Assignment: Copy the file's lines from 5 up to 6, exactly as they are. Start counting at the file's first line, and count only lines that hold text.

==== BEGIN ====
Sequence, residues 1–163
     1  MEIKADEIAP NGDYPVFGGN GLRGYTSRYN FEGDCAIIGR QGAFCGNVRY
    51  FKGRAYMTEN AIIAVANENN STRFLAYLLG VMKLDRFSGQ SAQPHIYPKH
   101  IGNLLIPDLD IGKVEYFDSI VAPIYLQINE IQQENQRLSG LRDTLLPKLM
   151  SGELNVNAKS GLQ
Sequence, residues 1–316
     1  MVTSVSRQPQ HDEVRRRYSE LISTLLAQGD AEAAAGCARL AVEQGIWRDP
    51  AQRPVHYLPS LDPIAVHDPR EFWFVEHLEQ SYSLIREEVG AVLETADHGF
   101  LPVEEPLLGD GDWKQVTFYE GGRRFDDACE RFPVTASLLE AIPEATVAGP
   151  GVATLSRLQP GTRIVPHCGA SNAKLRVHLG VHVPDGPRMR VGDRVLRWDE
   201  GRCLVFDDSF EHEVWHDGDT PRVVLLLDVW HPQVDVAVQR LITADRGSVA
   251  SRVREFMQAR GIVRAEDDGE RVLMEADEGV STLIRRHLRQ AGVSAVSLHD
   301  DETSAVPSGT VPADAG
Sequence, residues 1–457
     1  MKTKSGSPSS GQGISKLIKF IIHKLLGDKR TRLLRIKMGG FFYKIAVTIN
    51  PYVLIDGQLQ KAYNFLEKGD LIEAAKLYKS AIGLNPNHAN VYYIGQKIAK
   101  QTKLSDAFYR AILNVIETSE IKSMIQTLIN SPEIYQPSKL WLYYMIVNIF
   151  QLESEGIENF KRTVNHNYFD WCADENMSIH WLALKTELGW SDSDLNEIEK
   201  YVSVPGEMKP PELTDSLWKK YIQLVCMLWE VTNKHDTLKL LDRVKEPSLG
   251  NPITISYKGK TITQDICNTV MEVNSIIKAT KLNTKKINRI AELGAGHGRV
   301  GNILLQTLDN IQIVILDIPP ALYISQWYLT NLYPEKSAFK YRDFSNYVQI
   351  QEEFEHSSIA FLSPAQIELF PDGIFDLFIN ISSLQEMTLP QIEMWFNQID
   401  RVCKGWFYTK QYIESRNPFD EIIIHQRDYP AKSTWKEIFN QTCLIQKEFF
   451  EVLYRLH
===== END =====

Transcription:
   151  SGELNVNAKS GLQ
Sequence, residues 1–316